Part of the Göreme open-air museum, the church is called the “dark” as it is, indeed, very dark within. The barrel-vaulted nartex is reached via a narrow winding staircase. From there one enters the rectangular nave. It is typical cross-vaulted cruciform-planned church with dome on four pillars. A fresco of the iconostasis is damaged. The church has one small window. The lack of light has preserved the vitality of the frescoes. Both the plan and decorations of this church are strongly reminiscent of the Elmali and Carikli churches. The paintings are characterised by figures with meaningful facial expressions and figural movement, while an attempt has plainly been made to animate the painting through the detailed use of architectural and decorative elements. The extensive use of blue, a relatively rare pigment,is notable.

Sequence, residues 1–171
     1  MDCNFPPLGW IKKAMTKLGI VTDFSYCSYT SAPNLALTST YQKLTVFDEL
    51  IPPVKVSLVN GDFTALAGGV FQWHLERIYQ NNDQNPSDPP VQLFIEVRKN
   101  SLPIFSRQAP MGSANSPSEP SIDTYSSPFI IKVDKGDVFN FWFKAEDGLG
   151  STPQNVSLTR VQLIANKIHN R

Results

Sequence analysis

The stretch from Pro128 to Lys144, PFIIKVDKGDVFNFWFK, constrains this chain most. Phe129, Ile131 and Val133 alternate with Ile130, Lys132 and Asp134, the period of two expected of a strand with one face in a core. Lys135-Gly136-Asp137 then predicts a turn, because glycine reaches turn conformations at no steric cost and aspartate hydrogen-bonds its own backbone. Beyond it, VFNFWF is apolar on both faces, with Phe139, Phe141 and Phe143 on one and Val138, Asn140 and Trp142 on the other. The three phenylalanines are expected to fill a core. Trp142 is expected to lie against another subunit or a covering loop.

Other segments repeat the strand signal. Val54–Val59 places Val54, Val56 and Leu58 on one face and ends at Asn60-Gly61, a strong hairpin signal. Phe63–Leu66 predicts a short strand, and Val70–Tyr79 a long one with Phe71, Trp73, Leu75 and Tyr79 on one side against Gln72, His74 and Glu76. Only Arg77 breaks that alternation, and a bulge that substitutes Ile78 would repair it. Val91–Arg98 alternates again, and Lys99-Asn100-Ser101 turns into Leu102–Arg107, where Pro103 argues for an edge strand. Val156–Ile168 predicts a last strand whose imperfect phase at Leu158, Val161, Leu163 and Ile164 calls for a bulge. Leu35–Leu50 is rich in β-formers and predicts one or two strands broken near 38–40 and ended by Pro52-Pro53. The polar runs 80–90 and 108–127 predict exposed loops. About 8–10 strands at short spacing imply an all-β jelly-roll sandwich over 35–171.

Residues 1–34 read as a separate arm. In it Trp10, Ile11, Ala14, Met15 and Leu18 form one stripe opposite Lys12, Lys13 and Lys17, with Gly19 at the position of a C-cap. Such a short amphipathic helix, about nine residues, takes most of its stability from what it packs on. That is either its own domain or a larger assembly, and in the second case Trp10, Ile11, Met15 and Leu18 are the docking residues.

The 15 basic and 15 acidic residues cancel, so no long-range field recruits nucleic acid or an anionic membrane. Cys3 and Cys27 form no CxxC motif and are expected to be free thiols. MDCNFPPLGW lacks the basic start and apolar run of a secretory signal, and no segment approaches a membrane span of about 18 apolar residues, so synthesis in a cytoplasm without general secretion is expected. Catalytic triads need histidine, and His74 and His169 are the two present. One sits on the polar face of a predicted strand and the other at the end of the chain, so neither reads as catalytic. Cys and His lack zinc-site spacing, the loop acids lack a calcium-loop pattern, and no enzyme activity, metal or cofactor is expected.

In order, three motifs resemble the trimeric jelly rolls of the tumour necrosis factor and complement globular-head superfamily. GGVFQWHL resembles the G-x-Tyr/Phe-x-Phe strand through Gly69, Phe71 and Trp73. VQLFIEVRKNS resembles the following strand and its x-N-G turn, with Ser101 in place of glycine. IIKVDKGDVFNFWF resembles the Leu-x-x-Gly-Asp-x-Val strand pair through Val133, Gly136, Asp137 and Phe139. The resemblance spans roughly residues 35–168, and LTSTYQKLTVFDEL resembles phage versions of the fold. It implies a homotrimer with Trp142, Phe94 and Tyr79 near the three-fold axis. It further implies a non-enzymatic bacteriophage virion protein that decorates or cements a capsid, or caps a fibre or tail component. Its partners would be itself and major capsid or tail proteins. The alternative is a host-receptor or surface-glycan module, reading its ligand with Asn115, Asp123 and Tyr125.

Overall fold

There is no chronological order to the frescos, with the most important scenes from the Christ cycle being illustrated without regard for their sequence. The scenes illustrated are mainly related to the to the feast of the Liturgy. The scenes shown in greatest detail are the Annunciation, the Journey to Bethlehelm, the Nativity, Baptism of Christ, the Transfiguration, the Raising of Lazarus, the Entry into Jerusalem, the Last Supper, the Betrayal, the Crucification, the Women at the Tomb, Christ on Mt. Olives and the Ascention.
The two biblical scenes of the Hospitality of Abraham and the Three Hebrews are also included among the frescos.